Sharks

Lab notebook: the great hammerhead (Sphyrna mokarran)

Peer into my lab notebook as I analyse a shark specimen and report on my findings

Lab 1

Specific objectives:

  • Document the external anatomy of the specimen
  • Identify the specimen using taxonomic features

The great hammerhead (Sphyrna mokarran) is from the family Sphyrnidae of the “ground sharks” or Carcharhiniformes [1] (Fig. 1).

Figure 1 External morphology of the great hammerhead shark, (Sphyrna mokarran)

The sheer size of S. mokarran hints at its predatory nature. Its serrated, pointed teeth are excellent for tearing apart flesh from prey like fish and rays, or perhaps crushing shells of crustaceans too [2], [3]. The ampullae of Lorenzini, located on the underside of its snout, are electroreceptors in the form of a network of mucus-filled pores helping in prey detection [4]. Its head’s unique “hammer” shape is called a cephalofoil, a unique evolution to enhance the shark’s vision. The position of the eyes on the ends of the cephalofoil allow the shark to always see above and below itself [5]. The cephalofoil also increases surface area for distribution of the ampullae of Lorenzini, thereby allowing the shark to locate prey more effectively [6]. The cephalofoil acts as a lifting surface, similar to the hydrofoil of a boat, and assists with sharp turns to attack prey [3], [7]. The two nares under the snout act as nostrils where water can pass through, allowing the shark to “smell” and assist with prey detection. The shape of the head means the nares are located further apart which may enhance olfaction.

The two dorsal, pelvic, and anal fins act as vertical stabilisers (in males, the pelvic fin is modified into a reproductive organ known as a clasper). The two pectoral fins help to steer while swimming and, like a plane, provide lift in the water. The caudal fin provides thrust, and the caudal fin of S. mokarran has a smaller lower lobe than the upper lobe, indicating that it may spend much time swimming close to the seabed and that speed is not as essential for this species. S. mokarran likely has carangiform or thunniform propulsion because of the large, muscular tail.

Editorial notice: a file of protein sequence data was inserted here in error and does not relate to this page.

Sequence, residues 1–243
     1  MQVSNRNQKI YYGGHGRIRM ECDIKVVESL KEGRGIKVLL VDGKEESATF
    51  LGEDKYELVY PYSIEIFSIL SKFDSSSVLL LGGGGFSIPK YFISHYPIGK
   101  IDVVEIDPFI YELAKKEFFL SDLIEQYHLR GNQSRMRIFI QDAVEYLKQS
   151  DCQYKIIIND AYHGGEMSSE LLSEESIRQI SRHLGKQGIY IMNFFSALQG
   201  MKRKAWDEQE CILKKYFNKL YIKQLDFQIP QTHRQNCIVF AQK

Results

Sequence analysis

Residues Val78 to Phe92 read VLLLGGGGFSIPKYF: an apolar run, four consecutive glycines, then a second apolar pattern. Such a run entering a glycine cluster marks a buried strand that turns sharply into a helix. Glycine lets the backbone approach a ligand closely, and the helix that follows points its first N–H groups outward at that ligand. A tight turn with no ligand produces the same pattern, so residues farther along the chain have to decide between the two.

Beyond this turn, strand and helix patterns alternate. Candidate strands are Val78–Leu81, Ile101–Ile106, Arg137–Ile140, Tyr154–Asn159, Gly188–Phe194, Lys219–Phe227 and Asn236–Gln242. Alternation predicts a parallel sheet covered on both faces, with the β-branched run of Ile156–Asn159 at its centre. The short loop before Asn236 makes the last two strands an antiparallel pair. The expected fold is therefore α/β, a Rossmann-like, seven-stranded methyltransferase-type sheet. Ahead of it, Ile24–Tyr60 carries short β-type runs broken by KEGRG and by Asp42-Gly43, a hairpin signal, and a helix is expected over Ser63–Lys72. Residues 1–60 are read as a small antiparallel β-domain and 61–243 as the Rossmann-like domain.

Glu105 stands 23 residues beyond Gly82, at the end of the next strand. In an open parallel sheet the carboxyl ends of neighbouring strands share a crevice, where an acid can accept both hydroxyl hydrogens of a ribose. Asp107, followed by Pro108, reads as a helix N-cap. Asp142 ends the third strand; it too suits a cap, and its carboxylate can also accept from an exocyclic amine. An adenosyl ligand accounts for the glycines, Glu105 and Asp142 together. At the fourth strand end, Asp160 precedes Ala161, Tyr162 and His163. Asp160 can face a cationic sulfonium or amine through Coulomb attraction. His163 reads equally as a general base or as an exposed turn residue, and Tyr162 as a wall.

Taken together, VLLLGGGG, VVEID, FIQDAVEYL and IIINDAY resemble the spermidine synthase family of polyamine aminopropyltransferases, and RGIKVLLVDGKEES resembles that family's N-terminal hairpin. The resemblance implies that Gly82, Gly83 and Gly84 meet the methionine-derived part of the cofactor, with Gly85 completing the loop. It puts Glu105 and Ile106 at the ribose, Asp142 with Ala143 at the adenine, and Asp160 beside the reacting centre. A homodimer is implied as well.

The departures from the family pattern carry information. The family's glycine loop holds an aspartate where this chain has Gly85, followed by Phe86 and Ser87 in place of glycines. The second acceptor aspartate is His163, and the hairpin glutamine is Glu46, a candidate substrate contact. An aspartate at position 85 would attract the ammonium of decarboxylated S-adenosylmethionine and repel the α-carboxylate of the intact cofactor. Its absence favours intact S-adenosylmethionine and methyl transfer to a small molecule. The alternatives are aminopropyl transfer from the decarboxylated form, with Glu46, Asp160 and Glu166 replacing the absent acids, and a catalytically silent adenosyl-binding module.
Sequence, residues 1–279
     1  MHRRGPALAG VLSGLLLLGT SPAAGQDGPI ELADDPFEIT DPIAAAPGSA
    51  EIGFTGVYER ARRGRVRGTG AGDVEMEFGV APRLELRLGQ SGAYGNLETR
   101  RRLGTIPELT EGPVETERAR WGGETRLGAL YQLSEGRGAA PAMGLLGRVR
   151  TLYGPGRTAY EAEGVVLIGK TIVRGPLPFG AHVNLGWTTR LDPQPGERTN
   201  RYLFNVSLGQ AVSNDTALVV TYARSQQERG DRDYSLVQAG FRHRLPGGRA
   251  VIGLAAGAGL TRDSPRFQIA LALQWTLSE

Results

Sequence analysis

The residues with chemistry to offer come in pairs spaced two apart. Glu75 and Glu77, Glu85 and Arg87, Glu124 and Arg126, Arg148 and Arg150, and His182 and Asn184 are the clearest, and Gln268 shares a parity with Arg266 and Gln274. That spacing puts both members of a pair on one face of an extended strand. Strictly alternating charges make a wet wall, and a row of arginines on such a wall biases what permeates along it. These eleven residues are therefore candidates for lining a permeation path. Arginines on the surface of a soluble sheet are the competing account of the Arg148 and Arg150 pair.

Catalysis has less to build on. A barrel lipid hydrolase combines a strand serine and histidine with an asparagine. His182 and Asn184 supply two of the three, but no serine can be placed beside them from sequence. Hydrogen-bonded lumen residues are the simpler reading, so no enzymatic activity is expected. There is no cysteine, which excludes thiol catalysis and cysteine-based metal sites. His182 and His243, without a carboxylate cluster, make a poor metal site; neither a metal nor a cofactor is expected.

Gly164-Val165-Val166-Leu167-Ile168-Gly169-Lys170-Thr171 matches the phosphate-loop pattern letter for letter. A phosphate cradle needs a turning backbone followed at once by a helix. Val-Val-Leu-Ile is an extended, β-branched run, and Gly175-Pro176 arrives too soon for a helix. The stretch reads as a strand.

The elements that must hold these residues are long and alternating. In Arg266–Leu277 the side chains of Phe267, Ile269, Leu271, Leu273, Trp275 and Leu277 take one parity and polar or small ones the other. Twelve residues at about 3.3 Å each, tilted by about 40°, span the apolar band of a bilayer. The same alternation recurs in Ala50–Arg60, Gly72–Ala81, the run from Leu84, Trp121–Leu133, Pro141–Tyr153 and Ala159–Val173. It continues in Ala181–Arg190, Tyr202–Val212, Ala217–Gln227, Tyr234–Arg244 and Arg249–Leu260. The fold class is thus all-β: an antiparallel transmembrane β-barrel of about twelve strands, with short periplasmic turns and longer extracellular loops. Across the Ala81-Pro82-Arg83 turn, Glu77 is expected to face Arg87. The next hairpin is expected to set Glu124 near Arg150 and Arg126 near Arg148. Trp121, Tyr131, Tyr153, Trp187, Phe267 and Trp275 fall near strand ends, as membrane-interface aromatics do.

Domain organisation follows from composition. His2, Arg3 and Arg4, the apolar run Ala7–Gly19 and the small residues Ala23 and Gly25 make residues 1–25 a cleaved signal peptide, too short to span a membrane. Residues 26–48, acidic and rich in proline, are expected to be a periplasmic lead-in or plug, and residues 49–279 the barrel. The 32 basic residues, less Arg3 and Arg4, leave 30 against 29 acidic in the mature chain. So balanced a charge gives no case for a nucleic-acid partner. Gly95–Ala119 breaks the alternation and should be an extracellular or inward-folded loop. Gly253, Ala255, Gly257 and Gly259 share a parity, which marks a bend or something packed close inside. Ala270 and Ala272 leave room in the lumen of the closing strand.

The colouration of S. mokarran is known as countershading, whereby the top surface is darker than the lighter underside. This means that the shark is camouflaged from prey above it (looking down to the deep, dark ocean) and from prey below it (looking up at the light, sunlight, surface waters). This will help the shark ambush its prey effectively and, for younger/smaller individuals, avoid detection from carnivores looking for a hammerhead-shaped snack. Its skin is comprised of dermal denticles: rough, teeth-like scales that would help reduce swimming-induced drag and protect them from predators and parasites. The lateral line extends the length of the shark sides and helps orient the shark to movement and sound. As a sensory organ, it works in conjunction with the ampullae of Lorenzini to assist in prey detection.

Lab 2

Specific objective:

  • Describe the functions of its organs as it relates to the ecology/biology of the specimen

Sharks lack an operculum and instead have gill slits that act as openings to the gills [8], allowing seawater to flow over them and oxygen to be extracted for respiration. From viewing photographs of S. mokarran, it does not appear to have a spiracle, like other sharks do (except requiem sharks). The spiracle is a small hole behind the eye that opens to the buccal cavity, assisting sharks to take in water over their gills whilst stationary, suitable for sharks that spend much time on the seafloor [9]. The lack of a spiracle coincides with the pelagic nature of S. mokarran and infers that they must be ram ventilators who must continuously swim forward to encourage water flow over the gill filaments through the mouth or gill slits [9].